“I guess you like green the best?”

I looked at the violet set in their hands, the ones they had mentioned before. The flowers sparkled in the middle, like Qiyi’s eyes when they made those little huffs.

“I like violet too.”

“Want to use these then?”

“No, because you like violet.”

Qiyi and Mama stared at me. Then Mama cleared her throat and transferred the pot to the table.

“Come eat, you two.”

I moved to the table and sat. From the window, a beam of sun fell onto the tabletop, and I realized that it was not eight in the morning or evening. Perhaps they stored some gelatinous blocks to eat during the day.

Except, when they started to gather long floppy strings onto their chopsticks and swallow them, I knew that that could not be the case.

“Help yourself,” Qiyi said, pushing my designated bowl towards me.

I tried mimicking the way they held their chopsticks, but years of making the chopsticks didn’t teach me how to hold them. Setting them down, I dipped my spoon in and watched the strings slide back into the brown water.

“Use your chopsticks to grab the noodles and the spoon for soup.”

So they were called noodles and soup.

“I don’t know how to use them.”

Mama’s eyebrows raised; Qiyi’s eyes widened.

“How do you eat when the food is long?”

“The food is never long. It’s a square shape and cool enough to eat with my hands. It appears every morning and evening at eight. Why are we eating when it’s not eight?”

I paused because I hadn’t thought about toning the end of my sentence up, but it happened anyway. Mama’s expression didn’t change, but Qiyi bit her lip.

“Here, I’ll teach you.”

Her hand holding mine felt nice, like a warmth I could get used to. The taste of the noodles and brown water gave sensations I could not describe. Still soft and chewy like the gelatin, but Qiyi said that the different sauces made it taste ‘salty.’ I liked it in the same way that I liked my colors.

My guide started asking me things that should have been obvious—what was work like, did our houses look the same, did I know anybody. The more I answered, the more Qiyi bit her lip. It started dyeing red, like the blood from the meat we processed, so I reached forward to pull her lip from her teeth. Her eyes rounded out, and I felt my own mouth ends twitch up.

“Qiyi, send the dishes away. I will take the worker to the temple.”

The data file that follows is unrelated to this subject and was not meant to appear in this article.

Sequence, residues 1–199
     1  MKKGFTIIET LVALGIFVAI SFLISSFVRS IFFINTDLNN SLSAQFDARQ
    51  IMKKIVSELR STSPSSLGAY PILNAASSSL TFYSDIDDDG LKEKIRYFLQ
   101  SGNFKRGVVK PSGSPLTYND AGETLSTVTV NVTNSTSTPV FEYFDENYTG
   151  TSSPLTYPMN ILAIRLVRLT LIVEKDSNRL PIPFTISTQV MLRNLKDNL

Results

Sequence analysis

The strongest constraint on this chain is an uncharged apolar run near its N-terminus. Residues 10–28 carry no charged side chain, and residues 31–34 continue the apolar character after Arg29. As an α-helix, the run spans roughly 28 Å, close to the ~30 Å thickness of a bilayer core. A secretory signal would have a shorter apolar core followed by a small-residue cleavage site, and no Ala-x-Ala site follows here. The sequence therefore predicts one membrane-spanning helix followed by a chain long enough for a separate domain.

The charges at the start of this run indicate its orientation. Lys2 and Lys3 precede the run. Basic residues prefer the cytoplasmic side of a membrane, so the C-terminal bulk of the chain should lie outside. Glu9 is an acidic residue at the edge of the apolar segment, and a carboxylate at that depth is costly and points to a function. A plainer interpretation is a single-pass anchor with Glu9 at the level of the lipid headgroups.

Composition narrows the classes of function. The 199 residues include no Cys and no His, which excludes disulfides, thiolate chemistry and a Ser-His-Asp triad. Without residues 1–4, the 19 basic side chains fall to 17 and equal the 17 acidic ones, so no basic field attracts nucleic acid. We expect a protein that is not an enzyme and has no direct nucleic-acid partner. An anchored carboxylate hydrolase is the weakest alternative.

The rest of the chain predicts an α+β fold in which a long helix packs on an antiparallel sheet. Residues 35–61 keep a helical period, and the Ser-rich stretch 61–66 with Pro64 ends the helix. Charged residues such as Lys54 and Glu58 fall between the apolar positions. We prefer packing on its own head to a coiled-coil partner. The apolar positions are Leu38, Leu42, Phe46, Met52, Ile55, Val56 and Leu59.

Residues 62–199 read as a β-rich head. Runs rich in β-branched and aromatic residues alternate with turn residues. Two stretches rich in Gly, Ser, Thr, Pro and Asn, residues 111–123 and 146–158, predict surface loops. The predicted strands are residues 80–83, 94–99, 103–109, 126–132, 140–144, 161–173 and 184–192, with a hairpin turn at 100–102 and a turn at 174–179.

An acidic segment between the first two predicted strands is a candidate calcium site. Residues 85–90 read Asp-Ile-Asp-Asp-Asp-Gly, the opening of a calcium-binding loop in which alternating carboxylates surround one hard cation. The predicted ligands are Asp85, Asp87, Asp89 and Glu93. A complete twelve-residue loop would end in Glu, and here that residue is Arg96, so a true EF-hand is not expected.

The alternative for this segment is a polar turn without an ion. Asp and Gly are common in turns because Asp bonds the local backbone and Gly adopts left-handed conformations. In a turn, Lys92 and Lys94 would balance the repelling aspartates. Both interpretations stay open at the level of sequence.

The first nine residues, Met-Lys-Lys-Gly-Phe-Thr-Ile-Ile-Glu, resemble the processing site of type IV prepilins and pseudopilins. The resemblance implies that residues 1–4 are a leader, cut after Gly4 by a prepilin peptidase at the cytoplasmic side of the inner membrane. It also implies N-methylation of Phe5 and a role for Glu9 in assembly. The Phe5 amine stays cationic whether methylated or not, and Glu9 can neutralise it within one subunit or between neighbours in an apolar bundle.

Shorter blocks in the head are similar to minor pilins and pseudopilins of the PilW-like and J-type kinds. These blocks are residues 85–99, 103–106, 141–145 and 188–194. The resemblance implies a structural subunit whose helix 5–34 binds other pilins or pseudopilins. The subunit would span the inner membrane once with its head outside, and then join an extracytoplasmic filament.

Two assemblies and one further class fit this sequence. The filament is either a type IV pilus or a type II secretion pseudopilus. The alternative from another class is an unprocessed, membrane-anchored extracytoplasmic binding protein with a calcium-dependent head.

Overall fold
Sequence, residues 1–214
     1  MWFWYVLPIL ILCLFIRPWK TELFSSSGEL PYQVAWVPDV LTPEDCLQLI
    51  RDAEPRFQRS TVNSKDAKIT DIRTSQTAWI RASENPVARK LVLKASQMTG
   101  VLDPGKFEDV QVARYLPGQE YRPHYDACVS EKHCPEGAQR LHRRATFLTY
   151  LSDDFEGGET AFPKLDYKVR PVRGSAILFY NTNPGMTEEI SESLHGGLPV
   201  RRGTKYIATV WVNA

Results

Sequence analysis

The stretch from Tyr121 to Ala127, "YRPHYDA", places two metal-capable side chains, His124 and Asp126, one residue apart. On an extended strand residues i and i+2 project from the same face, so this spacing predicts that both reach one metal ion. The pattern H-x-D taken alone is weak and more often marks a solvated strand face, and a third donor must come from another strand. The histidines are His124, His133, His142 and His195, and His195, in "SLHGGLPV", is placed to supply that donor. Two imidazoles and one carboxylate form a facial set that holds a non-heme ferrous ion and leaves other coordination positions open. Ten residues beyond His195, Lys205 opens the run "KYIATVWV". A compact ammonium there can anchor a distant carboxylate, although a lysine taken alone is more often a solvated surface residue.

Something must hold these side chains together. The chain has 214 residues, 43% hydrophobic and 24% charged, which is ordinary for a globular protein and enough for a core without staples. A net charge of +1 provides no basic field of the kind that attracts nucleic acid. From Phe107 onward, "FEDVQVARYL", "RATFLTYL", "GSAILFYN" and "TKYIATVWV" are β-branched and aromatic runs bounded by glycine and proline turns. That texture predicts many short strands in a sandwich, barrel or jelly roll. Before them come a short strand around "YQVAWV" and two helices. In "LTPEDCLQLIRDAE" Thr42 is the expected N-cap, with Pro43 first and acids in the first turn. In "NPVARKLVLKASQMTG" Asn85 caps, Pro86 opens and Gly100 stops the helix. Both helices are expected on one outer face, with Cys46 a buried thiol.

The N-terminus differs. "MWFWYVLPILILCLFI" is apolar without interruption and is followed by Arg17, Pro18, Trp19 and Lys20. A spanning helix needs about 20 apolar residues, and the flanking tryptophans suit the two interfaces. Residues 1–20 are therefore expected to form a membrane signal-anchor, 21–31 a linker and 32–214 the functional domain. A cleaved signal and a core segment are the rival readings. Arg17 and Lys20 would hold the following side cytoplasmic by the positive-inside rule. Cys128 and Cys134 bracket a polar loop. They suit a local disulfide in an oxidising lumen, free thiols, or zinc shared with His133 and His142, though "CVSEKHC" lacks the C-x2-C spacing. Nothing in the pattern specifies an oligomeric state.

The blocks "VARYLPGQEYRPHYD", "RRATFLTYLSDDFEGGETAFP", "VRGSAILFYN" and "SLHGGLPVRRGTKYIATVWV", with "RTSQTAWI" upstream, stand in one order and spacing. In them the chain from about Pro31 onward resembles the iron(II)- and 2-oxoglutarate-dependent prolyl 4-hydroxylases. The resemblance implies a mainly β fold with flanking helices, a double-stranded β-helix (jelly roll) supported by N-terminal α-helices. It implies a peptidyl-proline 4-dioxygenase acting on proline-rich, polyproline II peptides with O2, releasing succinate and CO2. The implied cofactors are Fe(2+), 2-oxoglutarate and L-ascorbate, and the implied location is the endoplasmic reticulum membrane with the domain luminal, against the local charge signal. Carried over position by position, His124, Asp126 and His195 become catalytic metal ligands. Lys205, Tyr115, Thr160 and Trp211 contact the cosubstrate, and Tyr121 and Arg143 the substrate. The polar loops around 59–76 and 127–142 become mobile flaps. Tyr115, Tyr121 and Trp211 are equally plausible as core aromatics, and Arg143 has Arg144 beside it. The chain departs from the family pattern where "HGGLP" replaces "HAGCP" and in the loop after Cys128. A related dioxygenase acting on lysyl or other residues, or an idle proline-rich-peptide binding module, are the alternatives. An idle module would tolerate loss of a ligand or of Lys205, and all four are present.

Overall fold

Mama got up noisily, her eyes narrowed at me. Letting me have one last bite, Mama took my arm and yanked, a different guide than how Qiyi had been. The dishes disappeared from the table in a flash of blue, and I realized that that was how the gelatin appeared every day.

At the door, I nodded to Qiyi as a goodbye, but they didn’t nod back. Instead, arms wrapped around me and their torso heated mine. And as Mama separated us and started the contraption again, I thought to myself that I liked Qiyi in a different way than how I liked colors and the noodles. After all, Mama seemed angry at me even when I complied, but Qiyi liked to ask me questions.

Once we arrived, Mama told me to get out and ran the contraption away. Another person led me down corridors and told me to sit in another room, taking my mini portal. They seemed like a fellow worker to me. Around fifty people in my familiar solidcolor wear waited here, some in their function garments, some in their uniform.

The worker-guide went into an adjacent room, and from there I overheard the voices that didn’t bother to hush.

“They’re all here, sir.”

“Good. Just use the shock-needle to execute. This had been a spontaneous order when the CEO, fortune to him, decided to build a new amusement park, so no watch parties. According to calculations, we’ll offset the environmental costs with this extra picking of workers. Damn good-for-nothings. Good thing the Powerful CEO came up with this new system after the Great Disaster. As he says, ‘Subtract the liabilities to boost benefits.’”

“Indeed. Was the amusement park breaking down?”

“No, too boring.”

Workers started to be taken away, dread gripped my skin as a worker-guide grabbed my arm, and I wondered if I should still be safe rather than sorry.

April 23, 2021 21:56

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RBE | We made a writing app for you (photo) | 2023-02